Here's a basic idea for a projectile with deterministic motion, like something just moving linearly with a constant velocity.

  • Spawn the projectile using the usual instantiation and spawning
  • Instead of using the NetworkTransform for updating position, we should actually be able to predict the position at any frame because the motion is deterministic, e.g. x(t) = x[0] + t*v where v is a constant velocity.
  • So, we could break the rule about only moving things on the server and sending updates, because the server and all clients should be able to run their own copy of the simulation and it should remain in sync
  • Collision detection code DOES run only the server, so when the projectile hits something the resulting events, despawning, etc are propagated using ClientRPC calls.
  • For projectiles that will be around for a while, you can still send periodic sync updates from the server just in case of some drift. SyncVar, ClientRPC's, or if you want, LLAPI transport layer calls can be used for this.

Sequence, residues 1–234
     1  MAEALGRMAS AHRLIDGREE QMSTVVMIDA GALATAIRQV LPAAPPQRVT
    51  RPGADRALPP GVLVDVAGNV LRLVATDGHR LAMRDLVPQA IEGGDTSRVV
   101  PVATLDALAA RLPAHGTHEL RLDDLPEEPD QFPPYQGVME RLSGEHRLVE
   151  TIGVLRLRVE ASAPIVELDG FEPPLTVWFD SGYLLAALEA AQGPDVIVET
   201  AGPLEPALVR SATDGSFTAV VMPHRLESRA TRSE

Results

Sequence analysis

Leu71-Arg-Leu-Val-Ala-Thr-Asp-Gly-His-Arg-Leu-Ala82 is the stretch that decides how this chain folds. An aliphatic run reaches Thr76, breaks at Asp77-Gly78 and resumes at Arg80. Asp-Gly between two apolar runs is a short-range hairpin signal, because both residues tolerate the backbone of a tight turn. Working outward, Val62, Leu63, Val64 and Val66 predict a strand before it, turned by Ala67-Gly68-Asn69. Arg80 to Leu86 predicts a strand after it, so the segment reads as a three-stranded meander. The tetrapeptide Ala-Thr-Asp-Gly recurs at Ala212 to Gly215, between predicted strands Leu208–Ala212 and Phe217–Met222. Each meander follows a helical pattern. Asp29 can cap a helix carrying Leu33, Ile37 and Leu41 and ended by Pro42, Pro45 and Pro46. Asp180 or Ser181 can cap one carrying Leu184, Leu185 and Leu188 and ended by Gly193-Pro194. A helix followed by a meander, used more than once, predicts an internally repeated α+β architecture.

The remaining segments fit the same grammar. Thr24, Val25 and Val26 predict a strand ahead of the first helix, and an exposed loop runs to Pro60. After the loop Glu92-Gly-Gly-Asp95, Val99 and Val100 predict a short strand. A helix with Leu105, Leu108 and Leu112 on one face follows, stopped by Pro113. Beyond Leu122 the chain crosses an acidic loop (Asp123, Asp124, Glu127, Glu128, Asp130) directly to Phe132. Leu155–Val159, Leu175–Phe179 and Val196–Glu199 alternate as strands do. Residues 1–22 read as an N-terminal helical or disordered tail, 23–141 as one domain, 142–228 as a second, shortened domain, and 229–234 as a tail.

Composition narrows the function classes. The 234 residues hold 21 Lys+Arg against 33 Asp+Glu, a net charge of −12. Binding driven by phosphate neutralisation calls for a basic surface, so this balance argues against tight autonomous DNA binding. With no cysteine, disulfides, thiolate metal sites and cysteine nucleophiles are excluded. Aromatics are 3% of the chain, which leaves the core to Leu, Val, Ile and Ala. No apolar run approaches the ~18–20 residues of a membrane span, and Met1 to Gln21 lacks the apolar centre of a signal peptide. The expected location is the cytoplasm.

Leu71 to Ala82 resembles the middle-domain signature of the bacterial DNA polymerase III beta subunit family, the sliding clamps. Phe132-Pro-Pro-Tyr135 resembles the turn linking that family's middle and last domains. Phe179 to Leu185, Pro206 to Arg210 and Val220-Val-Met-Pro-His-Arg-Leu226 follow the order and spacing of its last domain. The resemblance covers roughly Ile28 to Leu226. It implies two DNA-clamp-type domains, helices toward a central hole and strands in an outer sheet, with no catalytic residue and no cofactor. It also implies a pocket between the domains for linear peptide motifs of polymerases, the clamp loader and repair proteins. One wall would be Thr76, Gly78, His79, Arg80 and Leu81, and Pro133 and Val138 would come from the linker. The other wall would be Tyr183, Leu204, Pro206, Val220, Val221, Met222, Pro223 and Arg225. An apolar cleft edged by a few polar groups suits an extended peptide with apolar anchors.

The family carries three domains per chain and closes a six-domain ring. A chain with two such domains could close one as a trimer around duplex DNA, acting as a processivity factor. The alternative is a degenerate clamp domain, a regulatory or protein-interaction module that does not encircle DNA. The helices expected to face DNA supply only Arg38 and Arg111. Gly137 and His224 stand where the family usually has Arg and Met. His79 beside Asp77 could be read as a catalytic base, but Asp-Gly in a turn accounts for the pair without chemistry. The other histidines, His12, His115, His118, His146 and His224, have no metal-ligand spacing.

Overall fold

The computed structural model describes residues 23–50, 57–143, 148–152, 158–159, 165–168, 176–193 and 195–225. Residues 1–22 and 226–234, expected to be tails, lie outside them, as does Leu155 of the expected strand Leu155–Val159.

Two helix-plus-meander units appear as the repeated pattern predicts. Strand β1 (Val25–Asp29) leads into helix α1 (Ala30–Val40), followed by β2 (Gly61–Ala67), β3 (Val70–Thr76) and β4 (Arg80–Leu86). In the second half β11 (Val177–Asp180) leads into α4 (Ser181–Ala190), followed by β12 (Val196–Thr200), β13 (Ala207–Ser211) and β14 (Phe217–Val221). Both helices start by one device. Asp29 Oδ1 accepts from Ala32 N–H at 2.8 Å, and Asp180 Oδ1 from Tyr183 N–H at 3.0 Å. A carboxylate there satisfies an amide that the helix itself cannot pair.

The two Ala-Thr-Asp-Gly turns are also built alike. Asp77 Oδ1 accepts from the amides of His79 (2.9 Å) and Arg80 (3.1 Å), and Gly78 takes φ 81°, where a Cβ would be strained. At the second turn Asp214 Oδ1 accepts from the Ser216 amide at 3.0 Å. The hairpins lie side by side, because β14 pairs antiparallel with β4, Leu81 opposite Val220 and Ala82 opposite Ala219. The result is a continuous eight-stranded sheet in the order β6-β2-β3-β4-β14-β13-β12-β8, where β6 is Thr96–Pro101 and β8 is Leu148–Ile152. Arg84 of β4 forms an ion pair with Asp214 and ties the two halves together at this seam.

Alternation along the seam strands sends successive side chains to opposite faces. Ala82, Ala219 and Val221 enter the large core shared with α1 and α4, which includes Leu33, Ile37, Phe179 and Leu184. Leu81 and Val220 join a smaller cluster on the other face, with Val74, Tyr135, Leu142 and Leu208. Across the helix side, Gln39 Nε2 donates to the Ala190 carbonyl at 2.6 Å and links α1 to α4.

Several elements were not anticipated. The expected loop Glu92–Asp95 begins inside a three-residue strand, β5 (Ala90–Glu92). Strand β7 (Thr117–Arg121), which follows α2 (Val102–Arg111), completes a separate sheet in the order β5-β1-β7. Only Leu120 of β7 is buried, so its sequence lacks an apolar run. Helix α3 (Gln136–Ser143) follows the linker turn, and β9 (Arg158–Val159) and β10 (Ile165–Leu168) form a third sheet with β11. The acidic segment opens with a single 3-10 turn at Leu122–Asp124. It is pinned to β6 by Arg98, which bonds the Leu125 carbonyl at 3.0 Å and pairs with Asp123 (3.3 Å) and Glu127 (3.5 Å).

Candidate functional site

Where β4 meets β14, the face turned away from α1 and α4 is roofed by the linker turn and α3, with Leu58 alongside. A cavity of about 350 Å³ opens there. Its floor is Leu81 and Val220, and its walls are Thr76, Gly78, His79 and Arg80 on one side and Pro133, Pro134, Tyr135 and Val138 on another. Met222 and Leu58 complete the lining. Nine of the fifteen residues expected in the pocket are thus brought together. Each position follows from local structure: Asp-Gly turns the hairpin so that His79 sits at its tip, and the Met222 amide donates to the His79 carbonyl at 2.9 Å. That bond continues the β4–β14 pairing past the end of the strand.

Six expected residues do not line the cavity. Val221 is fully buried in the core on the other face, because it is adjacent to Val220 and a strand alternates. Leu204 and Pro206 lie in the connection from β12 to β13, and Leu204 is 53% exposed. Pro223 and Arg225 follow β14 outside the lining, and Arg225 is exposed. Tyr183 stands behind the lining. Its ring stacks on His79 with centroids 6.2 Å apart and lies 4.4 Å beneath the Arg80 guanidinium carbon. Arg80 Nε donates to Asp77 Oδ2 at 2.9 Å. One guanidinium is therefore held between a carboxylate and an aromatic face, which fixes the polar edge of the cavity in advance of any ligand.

When all else fails, read the source

Unity makes the source code for the UNET DLL available under an MIT/X11 license, so you can inspect it to figure out how it works since the documentation is pretty poor. And, you can modify it however you like and use the modified version with your game instead.

When all else fails, use a different engine

"When the only tool you know is a hammer, every problem looks like a nail"

This is a use-case scenario for both UE4 and for Amazon Lumberyard. Unreal is built with multiplayer as a core feature of the engine and makes it relatively transparent through Blueprint. Lumberyard has a sort of in-between approach using the GridMate Gem, where a lot of high-level functionality is provided out of the box but you have access to a lot of low-level customization. Of the three, UE4 is probably the easiest to get working reliably right away, though Lumberyard's idea is that you can then massively scale up using cloud-backed services like GameLift when you need to go from a few concurrent players up to thousands.